* A Lesson Plan on how to teach this myth can be found here *
Hoc pro continuo te, Galle, monemus amore,
quod tibi ne vacuo defluat ex animo:
saepe imprudenti fortuna occurrit amanti:
crudelis Minyis sic erat Ascanius.
est tibi non infra specie, non nomine dispar, 5
Theiodamanteo proximus ardor Hylae:
huic tu, sive leges Umbrae rate flumina silvae,
sive Aniena tuos tinxerit unda pedes,
sive Gigantei spatiabere litoris ora,
sive ubicumque vago fluminis hospitio, 10
Nympharum semper cupidas defende rapinas
(non minor Ausoniis est amor Adryasin);
ne tibi sit duros montes et frigida saxa,
Galle, neque expertos semper adire lacus.
quae miser ignotis error perpessus in oris 15
Herculis indomito fleverat Ascanio.
namque ferunt olim Pagasae navalibus Argo
egressam longe Phasidos isse viam,
et iam praeteritis labentem Athamantidos undis
Mysorum scopulis applicuisse ratem. 20
hic manus heroum, placidis ut constitit oris,
mollia composita litora fronde tegit.
at comes invicti iuvenis processerat ultra
raram sepositi quaerere fontis aquam.
hunc duo sectati fratres, Aquilonia proles 25
(nunc superat Zetes, nunc superat Calais),
oscula suspensis instabant carpere plantis,
oscula et alterna ferre supina fuga.
ille sed extrema pendentes ludit in ala
et volucris ramo summovet insidias. 30
iam Pandioniae cessit genus Orithyiae:
ah dolor! ibat Hylas, ibat Hamadryasin.
hic erat Arganthi Pege sub vertice montis,
grata domus Nymphis umida Thyniasin,
quam supra nulli pendebant debita curae 35
roscida desertis poma sub arboribus,
et circum irriguo surgebant lilia prato
candida purpureis mixta papaveribus.
quae modo decerpens tenero pueriliter ungui
proposito florem praetulit officio, 40
et modo formosis incumbens nescius undis
errorem blandis tardat imaginibus.
tandem haurire parat demissis flumina palmis
innixus dextro plena trahens umero.
cuius ut accensae Dryades candore puellae 45
miratae solitos destituere choros
prolapsum et leviter facili traxere liquore,
tum sonitum rapto corpore fecit Hylas.
cui procul Alcides ter 'Hyla!' respondet: at illi
nomen ab extremis montibus aura refert. 50
his, o Galle, tuos monitus servabis amores,
formosum ni vis perdere rursus Hylan.
Gallus, I’m going to warn you about your unfailing love,
so it doesn’t slip through your careless mind:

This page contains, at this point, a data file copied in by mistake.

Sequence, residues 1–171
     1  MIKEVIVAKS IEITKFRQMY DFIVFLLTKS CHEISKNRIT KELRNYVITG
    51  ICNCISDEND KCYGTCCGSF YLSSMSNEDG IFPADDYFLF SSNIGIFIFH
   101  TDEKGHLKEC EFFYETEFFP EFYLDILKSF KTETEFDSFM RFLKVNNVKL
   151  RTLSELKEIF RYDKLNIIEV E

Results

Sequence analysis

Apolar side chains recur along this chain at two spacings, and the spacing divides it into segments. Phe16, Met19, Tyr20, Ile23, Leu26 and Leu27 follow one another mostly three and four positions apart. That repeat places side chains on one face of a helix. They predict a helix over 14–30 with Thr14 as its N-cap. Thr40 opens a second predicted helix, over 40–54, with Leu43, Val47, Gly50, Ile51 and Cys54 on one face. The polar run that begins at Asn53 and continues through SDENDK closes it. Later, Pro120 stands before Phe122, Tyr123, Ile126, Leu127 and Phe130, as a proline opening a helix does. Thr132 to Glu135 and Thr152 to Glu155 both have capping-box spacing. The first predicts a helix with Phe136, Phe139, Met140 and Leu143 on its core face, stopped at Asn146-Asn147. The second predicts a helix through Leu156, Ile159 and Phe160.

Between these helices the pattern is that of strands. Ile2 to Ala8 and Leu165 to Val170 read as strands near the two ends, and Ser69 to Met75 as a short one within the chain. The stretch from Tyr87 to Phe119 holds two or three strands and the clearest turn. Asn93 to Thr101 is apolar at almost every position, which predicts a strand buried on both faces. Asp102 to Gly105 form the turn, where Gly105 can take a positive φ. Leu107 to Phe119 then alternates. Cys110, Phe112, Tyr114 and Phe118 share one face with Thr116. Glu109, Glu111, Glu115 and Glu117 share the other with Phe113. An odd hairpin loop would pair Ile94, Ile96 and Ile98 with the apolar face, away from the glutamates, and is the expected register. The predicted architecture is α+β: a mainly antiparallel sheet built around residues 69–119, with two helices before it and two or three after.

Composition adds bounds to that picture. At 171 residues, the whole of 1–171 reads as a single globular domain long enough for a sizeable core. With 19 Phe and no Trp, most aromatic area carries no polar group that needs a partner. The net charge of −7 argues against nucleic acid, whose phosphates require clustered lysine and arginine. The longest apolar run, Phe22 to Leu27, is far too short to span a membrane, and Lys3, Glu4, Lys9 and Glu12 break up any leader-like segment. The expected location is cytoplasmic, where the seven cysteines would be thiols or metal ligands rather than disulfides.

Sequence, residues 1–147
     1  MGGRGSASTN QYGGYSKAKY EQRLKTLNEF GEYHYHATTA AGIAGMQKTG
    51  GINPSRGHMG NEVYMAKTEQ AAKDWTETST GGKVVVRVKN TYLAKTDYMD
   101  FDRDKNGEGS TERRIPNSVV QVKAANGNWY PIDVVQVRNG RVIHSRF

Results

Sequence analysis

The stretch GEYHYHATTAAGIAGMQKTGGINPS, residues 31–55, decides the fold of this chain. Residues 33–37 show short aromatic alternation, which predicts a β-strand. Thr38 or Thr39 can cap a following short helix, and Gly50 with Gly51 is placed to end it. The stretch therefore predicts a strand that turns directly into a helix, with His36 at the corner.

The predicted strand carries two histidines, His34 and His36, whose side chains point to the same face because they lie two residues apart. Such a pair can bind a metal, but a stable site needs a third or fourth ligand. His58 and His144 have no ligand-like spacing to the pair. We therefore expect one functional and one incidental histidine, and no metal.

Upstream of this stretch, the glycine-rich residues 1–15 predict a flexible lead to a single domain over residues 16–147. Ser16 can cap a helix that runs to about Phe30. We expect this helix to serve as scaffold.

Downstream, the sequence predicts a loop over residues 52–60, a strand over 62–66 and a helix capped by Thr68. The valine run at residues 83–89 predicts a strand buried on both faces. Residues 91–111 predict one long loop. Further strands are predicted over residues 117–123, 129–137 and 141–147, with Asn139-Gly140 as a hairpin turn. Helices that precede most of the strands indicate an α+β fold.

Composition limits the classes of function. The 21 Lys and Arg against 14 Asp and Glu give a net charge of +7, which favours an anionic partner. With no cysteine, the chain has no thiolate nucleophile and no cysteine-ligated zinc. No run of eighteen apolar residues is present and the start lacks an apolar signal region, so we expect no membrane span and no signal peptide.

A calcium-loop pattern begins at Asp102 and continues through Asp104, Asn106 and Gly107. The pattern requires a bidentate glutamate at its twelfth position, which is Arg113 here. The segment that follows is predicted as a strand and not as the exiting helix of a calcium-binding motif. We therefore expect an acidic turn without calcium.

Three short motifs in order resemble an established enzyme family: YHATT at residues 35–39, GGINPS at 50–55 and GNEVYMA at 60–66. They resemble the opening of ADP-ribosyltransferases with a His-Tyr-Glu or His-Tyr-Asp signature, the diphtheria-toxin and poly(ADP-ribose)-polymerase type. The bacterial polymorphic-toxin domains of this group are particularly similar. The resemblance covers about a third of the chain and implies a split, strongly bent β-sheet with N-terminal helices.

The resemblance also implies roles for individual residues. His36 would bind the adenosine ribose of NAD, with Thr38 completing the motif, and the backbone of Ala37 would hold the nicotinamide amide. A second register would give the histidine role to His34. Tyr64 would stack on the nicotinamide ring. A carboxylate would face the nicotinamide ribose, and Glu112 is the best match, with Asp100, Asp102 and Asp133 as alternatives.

Unexpected stuff often happens to a lover caught off-guard:
Just look at Ascanius’ cruelty to the Argonauts.
Your passion runs for a lad like Theiodamanteus’ son Hylas;
He’s just as well-born, and just as cute.
Just watch out: whether you choose
to take a skiff down the waters of Umbrian forest,
Or you dip your feet in the Anio river,
Or you take a stroll on the on the Giants’ shore,
Whatever pleasing vacation you take in nature’s embrace,
Always keep your lad safe from love-sick nymphs,
(Italian nymphs are just as lusty, too!)
So Gallus, don’t wander the rough mountains and their cold boulders,
Don’t wander off towards new and unknown lakes.
Don’t make the same mistake as Hercules—this brought him to tears—
When he encountered the ever-victorious waters of Ascanius.
For they say that when the Argo departed from the Pagasan docks
And took a long journey to Phasis,
Slipping through the Hellespont, it moored on the Mysian rocks.
Here a band of heroes landed on peaceful shores
And made a camp of soft leaves.
But invincible Hercules’ companion wandered off from the group
In search of waters from a far-off spring.
Once spotted, the two sons of the North Wind pursued him,
First Zetes overpowered him, then Calais,
Planting kisses upon him as they hovered overhead,
Planting kisses on him as he turned to flee.
But he escaped them as they flapped their wings fiercely to catch him,
And thwarted their unwanted affection (insidias) with a branch.
Finally, the winged ones left him alone—
But alas! Hylas stepped right into the Hamadryads’ trap.
Here he was at the foot of the Arganthian mountain,
A spring called Pege, the moist home to Bithynian nymphs,
Where rosy, uncultivated apples hung down from their branches,
Colorful lilies and scarlet poppies rose from untilled fields
Hylas childishly picked some with his tender fingernails
Picking flowers over his intended task,
Laying down by the beautiful river,
Unaware of the danger, he takes a minute to soak in the beautiful scene.
Finally, he dips his hands into the water to drink
Bringing his palms full of water up to his lips.
It’s love at first sight for the dryads: admiring his beauty,
They stop what they’re doing and easily drag him into the water;
Hylas cries out as he is taken.
Far off, Hercules responds to his cries: again and again,
But the wind carries off his words.
So listen up, Gallus, protect your lover-boy from predators like this,
Lest you lose another beautiful Hylas.
Name: Sextus Propertius
Date: 50 – 15 BCE
Propertius was an Italian-born Roman lyric poet whose love poetry provides insight into the mores of Augustan Rome. Like Catullus and Tibullus, Propertius used a pseudonym for the object of his attention; many of his love poems were addressed to “Cynthia.”
GOLDEN AGE ROME